There are numerous studies on the HCV risk factors for existing and new infections (36–53). The most recent and robust study in the prevalent population reported the analysis of the 2004 national survey (37). A multivariable regression was used to identify the key risk factors. The most commonly identified risk factors included a history of surgery (88%), piercing (51%), history of endoscopy (43%), blood transfusion before 1992 (35%), over 10 sexual partners (29%), lifetime nasal drug use (28%) and lifetime IV drug use (26%). Although only 26% of the prevalent population reported lifetime IV drug use, it was the largest factor in predicting a positive HCV infection. Through regression analysis, other important factors identified were lifetime nasal drug use, born in a high-endemic country, blood transfusion before 1992, tattoo and beneficiary of medical welfare. Analysis of newly diagnosed individuals (2001–2007) by the French Institute for Public Health Surveillance revealed gender differences between male and female risk factors. Males showed high rates of IDU (40–47%) as a key risk factor, while females showed a lower range (17–21%). Females, on the other hand, showed transfusions as the major risk factor (33–39%). Overall, IDU was the largest risk factor by percentage (32%), although only slightly over transfusions (26.5%) (54). Because active drug users were not part of the cohorts analysed, IDU could account for a larger portion of the infected population.
Sixty-four positive and 227 control cases were studied to capture risk factors in the incident population (40). The most commonly identified risk factors included anaesthesia (33%), general anaesthesia (22%), invasive diagnostic procedure (23%), drug use (17%) and IDU (16%). Similar to the national survey, the authors took care to compare data of the infected population with a control group and use regression analysis to identify the key risk factors. Even though one-third of the incident population had anaesthesia at some point in time, it had a lower matched odds ratio than some of the other factors because of the presence of the same risk factor in comparison with the control group.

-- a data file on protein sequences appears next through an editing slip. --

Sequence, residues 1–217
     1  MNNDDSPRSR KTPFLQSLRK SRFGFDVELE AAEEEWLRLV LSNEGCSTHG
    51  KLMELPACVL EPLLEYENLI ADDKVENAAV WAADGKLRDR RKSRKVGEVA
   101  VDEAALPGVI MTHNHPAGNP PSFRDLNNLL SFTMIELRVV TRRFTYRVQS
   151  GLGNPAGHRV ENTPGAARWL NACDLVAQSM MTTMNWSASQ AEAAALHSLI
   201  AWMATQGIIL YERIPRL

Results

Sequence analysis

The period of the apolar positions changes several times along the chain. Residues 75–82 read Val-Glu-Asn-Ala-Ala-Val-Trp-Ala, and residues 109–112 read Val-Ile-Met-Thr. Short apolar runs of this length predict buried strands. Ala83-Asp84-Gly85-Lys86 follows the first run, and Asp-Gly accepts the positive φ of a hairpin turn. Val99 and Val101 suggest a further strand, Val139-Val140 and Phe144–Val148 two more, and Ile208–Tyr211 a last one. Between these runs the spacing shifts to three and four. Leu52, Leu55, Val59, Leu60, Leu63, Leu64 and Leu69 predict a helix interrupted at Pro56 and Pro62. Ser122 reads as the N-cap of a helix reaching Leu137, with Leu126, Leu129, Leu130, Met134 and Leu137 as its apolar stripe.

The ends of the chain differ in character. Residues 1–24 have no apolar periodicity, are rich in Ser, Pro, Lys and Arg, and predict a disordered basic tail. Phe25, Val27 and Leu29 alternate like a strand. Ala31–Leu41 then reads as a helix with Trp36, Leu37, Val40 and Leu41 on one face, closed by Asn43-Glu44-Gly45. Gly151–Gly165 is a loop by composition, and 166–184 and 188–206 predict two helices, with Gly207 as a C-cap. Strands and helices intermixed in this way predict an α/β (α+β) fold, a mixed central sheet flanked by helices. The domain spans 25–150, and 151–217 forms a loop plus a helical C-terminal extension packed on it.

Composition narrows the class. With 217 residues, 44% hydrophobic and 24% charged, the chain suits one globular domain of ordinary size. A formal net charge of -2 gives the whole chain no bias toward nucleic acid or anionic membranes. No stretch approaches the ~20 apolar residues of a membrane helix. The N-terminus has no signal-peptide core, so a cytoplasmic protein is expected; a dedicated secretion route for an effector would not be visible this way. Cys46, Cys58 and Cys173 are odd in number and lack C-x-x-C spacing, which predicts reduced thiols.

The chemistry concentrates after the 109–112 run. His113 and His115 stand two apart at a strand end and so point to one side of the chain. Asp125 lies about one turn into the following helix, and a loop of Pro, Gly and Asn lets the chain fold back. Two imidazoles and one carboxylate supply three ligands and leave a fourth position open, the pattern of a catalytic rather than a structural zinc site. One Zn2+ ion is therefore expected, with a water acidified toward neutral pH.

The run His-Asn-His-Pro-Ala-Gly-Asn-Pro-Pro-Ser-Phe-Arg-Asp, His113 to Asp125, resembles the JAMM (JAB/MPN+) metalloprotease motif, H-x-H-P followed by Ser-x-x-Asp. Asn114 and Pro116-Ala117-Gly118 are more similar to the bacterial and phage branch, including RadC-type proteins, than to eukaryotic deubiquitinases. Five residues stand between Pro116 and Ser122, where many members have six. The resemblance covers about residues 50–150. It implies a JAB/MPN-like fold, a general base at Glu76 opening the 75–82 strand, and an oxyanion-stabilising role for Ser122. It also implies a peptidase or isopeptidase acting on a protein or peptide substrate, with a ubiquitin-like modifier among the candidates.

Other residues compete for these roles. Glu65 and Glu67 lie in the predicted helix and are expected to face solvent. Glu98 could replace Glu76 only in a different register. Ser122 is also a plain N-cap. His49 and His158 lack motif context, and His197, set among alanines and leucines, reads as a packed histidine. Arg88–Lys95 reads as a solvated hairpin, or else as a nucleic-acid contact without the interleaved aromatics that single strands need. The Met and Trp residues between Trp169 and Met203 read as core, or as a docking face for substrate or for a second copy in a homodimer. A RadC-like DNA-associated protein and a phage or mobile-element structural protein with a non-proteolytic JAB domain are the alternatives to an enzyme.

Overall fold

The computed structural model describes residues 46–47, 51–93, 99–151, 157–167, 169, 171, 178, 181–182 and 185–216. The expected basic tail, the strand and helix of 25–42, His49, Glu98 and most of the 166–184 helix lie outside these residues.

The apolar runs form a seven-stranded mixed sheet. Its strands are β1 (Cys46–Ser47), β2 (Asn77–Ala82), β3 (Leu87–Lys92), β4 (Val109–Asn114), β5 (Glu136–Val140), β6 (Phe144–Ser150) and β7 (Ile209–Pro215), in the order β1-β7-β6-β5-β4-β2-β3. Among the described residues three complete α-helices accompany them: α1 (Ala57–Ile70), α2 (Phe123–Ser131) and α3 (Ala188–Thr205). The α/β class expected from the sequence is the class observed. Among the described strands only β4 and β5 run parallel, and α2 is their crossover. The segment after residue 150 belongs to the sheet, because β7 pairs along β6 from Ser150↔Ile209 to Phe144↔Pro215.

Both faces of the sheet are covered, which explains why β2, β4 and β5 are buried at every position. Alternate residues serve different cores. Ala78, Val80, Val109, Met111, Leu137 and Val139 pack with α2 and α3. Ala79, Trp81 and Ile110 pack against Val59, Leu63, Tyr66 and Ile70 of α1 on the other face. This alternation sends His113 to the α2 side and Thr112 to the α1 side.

Earlier studies supported the above conclusions. A 2006 study reported the importance of nosocomial transmission (41). All anti-HCV-positive individuals resulting from a population-based prevalence survey confirmed that IDU (odds ratio=29.2), history of transfusion (odds ratio=7.0) and absence of paid employment (odds ratio=3.1) remained statistically significant after an exploration of many risk factors in the study (36). In a study of newly diagnosed patients, drug use was reported as the main risk factor for HCV infection (51, 33 and 31% in 1997, 2000 and 2003 respectively) (55). In studies tasked to correlate genotype with risk factors among chronic HCV patients, recent drug use was found to be significantly linked to increases in genotypes 1a and 3a, lending further credence to the large and recent role for IDU transmission (56, 57).